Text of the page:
Saturday, 5 May 2012

The ancient secret of Carborama

My girlfriend celebrated her birthday today. The downside for me, of course, was that I had to promise not to troll her all day. I succeeded mostly in this task (there were a couple of slip-ups, but I think I did pretty well overall).

I promised her that it was her day, and that she could have anything she wanted (I make a point of doing this on this day of all days, so I can get away with murder for the other 364.25 days a year). She asked me if I could cook her my not-but-should-be famous dish, The Carborama.

Real food doesn't look perfect and plastic like McDonalds advertising.

The Carborama started out as a bastardised version of my mother's Carbonara pasta, that has been slowly modified over time. The name of the dish was coined by kungfucolin (EDIT - On reflection, it might have been my mate SirFunkyMonkey that actually originally coined this term, my bad), meaning that it's got a hell of a lot of carbohydrates. A couple variants have been failures, however I believe I have now perfected the recipe. It was once a staple of kungfucolin and my diet when we lived together a few years back; It became a tradition that every fortnight, we'd do a big food shop at our local supermarket and on the day after, I'd whip up a batch of Carborama and we'd watch The Sopranos.

You, internet, will benefit from my girlfriend's delicious request because it has spawned the idea that today, I will bequeath to you the secret of...

The Carborama

Not very
Feeds: If this was in a cookbook, it'd say it feeds six.
This is not a cookbook, however, so I'll say it'll pop the top button of the jeans of three people.


  • 1 crapton of bacon, obviously (it's a measurement, look it up)
  • 1 onion
  • Parmesan cheese
  • 600 mLs of Full Cream (None of that whimpy low fat stuff)
  • 1 egg
  • Half a big packet of pasta (Shells work the best if you can get them, but any old pasta will do)
  • 1 Chorizo - cured sausage
  • Chilli flakes (can't be arsed with the real stuff myself, but feel free to use fresh chillies if you like)
  • Salt
  • Pepper

The correct order and manipulation of ingredients:
  1. Chop up the onion. Now, there are many ways to do this, and they all seem to make your eyes feel burn like hell. Employ whichever method you're most comfortable with, however if you are in possession of a blender or food processor use the mofo.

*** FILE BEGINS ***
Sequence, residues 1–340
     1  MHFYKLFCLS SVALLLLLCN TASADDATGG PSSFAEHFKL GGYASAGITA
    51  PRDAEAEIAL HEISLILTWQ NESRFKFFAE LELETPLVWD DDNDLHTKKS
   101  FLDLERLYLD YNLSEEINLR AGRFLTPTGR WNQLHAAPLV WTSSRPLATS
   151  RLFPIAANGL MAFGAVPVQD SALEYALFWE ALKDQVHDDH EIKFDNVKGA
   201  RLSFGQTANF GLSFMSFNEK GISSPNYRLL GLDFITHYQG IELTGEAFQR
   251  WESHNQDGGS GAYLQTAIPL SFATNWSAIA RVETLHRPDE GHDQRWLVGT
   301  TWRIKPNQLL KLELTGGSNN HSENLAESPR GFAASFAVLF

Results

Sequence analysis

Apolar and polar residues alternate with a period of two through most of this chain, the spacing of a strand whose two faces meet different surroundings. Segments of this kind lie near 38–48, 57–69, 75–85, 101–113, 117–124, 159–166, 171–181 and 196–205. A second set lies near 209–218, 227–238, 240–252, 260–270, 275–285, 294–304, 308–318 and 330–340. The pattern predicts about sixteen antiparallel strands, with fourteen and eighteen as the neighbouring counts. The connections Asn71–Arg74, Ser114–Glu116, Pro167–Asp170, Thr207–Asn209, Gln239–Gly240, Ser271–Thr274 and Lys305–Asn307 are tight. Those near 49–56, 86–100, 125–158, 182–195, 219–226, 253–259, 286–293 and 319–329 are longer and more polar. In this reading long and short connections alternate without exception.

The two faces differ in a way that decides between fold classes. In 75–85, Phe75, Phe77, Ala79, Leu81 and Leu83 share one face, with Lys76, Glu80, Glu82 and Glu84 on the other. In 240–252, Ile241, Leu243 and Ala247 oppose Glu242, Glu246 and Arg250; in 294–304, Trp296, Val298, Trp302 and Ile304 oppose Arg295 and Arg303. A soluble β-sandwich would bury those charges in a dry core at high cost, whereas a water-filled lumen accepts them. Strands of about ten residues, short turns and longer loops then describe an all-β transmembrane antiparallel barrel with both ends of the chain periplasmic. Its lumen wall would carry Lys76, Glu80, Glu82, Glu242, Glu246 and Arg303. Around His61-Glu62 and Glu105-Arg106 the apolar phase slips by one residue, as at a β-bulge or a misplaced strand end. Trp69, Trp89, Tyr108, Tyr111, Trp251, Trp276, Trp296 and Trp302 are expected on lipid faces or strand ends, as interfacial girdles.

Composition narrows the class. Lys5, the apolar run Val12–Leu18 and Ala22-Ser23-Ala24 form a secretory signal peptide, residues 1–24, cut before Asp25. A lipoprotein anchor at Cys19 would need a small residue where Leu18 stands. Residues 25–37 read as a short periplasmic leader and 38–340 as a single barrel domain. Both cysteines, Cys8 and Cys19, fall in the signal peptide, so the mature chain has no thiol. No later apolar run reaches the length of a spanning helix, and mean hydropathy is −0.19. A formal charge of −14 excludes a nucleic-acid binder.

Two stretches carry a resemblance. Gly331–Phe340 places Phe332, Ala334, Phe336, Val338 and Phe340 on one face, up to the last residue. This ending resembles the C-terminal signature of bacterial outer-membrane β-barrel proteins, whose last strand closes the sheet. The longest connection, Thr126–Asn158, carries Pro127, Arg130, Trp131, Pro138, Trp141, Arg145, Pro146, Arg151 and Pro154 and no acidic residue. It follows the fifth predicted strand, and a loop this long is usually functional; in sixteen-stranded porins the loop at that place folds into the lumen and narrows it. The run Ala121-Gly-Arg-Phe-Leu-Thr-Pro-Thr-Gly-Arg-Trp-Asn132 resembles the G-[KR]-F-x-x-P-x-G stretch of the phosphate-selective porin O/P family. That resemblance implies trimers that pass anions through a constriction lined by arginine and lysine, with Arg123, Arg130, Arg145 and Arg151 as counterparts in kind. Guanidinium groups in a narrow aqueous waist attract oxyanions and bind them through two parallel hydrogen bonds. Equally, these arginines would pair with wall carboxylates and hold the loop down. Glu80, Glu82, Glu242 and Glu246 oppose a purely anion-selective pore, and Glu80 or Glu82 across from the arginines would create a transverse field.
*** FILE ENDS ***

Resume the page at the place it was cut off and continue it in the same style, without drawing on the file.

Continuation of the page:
2. Remove any fat from the bacon (I don't mind a bit of fat on my bacon when frying for post-drinking breakfast, but in Carborama is should be lean 'cause it's decadent enough)
  3. Chop up the crapton of bacon. If you require explicit guidance on how to execute this task, I'm afraid this recipe may not be for you. 
  4. Chop up the chorizo. I prefer to cut it in down the middle, and then in approximately centimetre sections. For Americans: Adopt the bloody Metric system already, you heathens! Er, I mean about a third of an inch.
  5. Heat up a frying pan with some Olive Oil, and chuck those into the pan with some chilli flakes. Cook until the onion, bacon and chorizo has browned off.
  6. Add 600mLs of Full Cream into the frypan (or onto the floor, if you're an idiot). Keep it moving every minute or so
  7. Boil the kettle and grab a saucepan for the pasta. Pour the boiling water into the pot, add salt and wait until it's properly boiling before adding the pasta.
  8. Get a small vessel (I use a drinking glass or a measuring cup), crack and add the egg.
    Pro-tip: To check if the egg has gone bad before cracking it, drop it into a glass of water. If it floats, it's off. Discard and repeat until one sinks. Use that one. Obviously.
  9. Add salt, pepper and a pinch of parmesan. Whisk lightly with a fork until it's mixed through.
  10. Wait until pasta is ready. During this time, you could write a haiku or make a prank call. I personally prefer to sit on the couch and scratch my balls.
  11. Return to stove top and remove pasta from heat. Using a strainer, or your amazing powers of deduction, remove the water from the pasta and return it to the saucepan. Keep the saucepan off the heat at this point.
  12. Pour the strange looking egg-pepper-salt-cheese concoction into the pasta and quickly stir it through while the pasta is still hot. The heat of the pasta alone will be enough to cook the egg through.
  13. Assuming the sauce we created is now a light brown colour, pour it into the pasta saucepan and mix it all the way through. The sauce mixture should be quite viscous at this point; If it's still a thin liquid, cook it until it thickens up.
You, my friend, are ready to get your mung on. Chuck it in a couple of bowls, add some parmesan. Add forks to taste and you got yourself a foodstuff that'll feel more filling than it's weight in bread. Seriously, it's deceptively heavy so pace yourself... it's going to be a hell of a ride.

Who's game enough to take on The Carborama? Think you've got the stones?

Try it out, report back. Tell me what you think.


  1. I had a minor coronary simply by reading the ingredients ... it sounds delicious though -- oh bacon, how I miss you.

  2. It was indeed delicious!

    And, even though he kept to his word and only trolled me 4 times yesterday - I have been trolled ruthlessly since midnight! :)

    1. Is that what you youngsters call it now?

    2. OMG! I totally choked on my cordial just now ;)

    3. Hahaha, extreme lulz happening over here right now.